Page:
I often discuss the television industry but I tend to focus mainly on commercial television. The public television industry is different in many significant ways. The most popular public television broadcaster is the Public Broadcasting Service (PBS) and everyone who grew up with a television likely grew up watching it, so that’s the one I will discuss.
The most clear difference between PBS and commercial television networks like NBC, CBS, ABC, FOX and The CW is the lack of advertising in the middle of the programming. Commercial TV networks make deals with local affiliates to carry their programming in exchange for a cut of the revenues the networks earn from advertising. For example, when FOX allows their San Francisco affiliate KTVU to air The Simpsons, KTVU gets a cut of the advertising that a popular series like The Simpsons will draw eyeballs to.
On the other hand, PBS is strictly a distribution channel and not really a network at all, which means individual PBS member stations have more latitude to control their schedules on the local level because they don’t have huge corporations like Disney (owner of ABC) and Comcast (owner of NBC) pressuring them to have consistent schedules for ultimate viewership.
As a matter of fact, the various PBS affiliates around the United States are responsible for producing much of their nationally shown programs. This is why you sometimes see the logo for Boston affiliate WGBH at the end of shows like Arthur, Nova, Masterpiece and Frontline even if you don’t live in Massachusetts.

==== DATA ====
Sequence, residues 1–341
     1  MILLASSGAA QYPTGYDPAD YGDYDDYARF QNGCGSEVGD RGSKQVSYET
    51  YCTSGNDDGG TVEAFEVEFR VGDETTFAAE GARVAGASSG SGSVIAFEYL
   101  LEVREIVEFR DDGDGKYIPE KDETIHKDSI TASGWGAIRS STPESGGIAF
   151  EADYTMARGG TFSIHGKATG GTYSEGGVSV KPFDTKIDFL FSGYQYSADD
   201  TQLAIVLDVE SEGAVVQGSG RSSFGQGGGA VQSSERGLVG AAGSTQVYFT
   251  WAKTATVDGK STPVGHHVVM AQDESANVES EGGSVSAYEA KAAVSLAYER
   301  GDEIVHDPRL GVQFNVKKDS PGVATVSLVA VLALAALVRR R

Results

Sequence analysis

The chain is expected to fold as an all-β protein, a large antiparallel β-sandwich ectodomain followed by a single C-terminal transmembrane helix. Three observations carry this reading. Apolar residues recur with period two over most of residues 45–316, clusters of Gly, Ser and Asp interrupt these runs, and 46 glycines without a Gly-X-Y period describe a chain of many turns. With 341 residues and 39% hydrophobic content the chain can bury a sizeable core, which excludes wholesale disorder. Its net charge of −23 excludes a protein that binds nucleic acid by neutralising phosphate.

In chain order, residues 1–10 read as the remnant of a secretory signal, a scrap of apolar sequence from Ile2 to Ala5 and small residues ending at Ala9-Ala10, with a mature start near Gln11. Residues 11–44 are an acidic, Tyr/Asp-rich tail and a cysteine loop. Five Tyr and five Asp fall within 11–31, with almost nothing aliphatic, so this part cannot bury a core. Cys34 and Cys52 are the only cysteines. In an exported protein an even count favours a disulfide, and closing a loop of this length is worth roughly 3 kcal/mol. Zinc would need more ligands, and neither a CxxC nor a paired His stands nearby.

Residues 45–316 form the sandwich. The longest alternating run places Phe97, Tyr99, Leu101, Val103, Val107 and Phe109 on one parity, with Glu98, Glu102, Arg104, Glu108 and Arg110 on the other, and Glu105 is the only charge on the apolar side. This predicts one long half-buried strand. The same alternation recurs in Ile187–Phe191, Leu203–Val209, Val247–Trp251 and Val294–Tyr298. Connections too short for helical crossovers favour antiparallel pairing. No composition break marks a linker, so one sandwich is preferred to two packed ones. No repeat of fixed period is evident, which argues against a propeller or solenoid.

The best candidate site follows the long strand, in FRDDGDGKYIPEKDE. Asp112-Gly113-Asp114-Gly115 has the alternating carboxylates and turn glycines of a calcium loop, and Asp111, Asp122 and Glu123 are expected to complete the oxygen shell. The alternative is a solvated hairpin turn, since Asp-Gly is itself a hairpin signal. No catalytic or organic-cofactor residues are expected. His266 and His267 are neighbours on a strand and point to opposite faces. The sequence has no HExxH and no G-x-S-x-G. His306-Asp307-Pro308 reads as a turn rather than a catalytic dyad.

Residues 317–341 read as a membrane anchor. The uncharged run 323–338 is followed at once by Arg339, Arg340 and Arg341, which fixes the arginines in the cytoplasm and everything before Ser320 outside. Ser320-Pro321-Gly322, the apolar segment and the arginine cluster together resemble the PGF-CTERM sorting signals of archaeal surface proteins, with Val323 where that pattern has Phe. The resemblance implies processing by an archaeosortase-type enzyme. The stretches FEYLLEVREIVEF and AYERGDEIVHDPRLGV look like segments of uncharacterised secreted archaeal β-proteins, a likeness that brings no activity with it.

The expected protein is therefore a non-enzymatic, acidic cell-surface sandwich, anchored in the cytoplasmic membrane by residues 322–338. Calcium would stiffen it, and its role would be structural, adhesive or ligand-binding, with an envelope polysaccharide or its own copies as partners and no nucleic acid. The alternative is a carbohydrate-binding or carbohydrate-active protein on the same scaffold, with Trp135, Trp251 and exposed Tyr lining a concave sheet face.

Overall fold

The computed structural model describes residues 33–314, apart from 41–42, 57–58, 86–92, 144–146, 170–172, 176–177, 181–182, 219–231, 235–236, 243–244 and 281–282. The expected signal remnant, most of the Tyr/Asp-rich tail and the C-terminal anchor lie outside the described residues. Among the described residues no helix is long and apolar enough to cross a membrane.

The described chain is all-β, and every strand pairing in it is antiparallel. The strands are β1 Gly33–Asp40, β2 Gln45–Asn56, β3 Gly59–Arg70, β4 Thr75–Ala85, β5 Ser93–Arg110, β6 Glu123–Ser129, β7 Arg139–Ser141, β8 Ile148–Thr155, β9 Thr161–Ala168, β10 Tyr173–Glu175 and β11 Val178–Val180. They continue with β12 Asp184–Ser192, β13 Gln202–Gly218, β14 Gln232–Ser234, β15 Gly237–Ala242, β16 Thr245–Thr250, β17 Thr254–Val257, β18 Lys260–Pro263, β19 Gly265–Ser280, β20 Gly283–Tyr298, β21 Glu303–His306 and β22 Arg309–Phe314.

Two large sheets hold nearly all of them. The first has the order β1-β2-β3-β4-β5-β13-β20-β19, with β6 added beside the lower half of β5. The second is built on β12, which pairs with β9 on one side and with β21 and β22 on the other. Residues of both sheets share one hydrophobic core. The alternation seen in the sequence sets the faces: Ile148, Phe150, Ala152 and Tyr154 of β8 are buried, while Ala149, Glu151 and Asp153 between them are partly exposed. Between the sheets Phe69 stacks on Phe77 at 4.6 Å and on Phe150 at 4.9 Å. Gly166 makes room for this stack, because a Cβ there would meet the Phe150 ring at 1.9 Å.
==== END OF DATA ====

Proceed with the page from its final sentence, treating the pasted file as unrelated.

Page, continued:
Other examples include New York City affiliate WNET (Nature, Cyberchase), Washington D.C. affiliate WETA-TV (Washington Week, PBS Newshour), Austin affiliate KLRU (Austin City Limits), San Francisco affiliate KQED (The Cat in the Hat Knows a Lot About That) and Pittsburgh affiliate WQED (Mister Rogers’ Neighborhood, Daniel Tiger’s Neighborhood).
Public broadcasting began with radio. Public radio stations in cities like New York, Chicago and Boston have established the system in America for providing free government-funded public service with underwriting from foundations and businesses before 1970 when the two most popular public service stations National Public Radio and PBS were founded.
The history of public television and PBS specifically began in 1952 when the Educational Television and Radio Center (ETRC) was founded by a grant from the Ford Foundation’s Fund for Adult Education (FAE) which distributed educational television programs produced by local television stations in direct contrast with commercial TV networks like NBC, CBS and ABC.